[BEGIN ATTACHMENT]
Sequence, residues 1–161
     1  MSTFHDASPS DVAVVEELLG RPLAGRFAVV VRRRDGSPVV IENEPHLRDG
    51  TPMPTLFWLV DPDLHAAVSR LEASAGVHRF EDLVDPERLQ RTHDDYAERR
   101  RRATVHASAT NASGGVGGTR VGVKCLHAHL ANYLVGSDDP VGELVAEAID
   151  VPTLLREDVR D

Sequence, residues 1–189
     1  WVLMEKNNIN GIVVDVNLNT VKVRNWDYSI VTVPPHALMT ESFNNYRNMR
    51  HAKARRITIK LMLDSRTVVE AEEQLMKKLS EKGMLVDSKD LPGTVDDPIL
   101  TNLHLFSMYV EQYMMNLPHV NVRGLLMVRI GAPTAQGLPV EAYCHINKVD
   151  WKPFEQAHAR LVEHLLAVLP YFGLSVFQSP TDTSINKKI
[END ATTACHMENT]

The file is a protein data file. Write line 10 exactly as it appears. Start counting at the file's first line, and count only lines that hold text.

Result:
   151  WKPFEQAHAR LVEHLLAVLP YFGLSVFQSP TDTSINKKI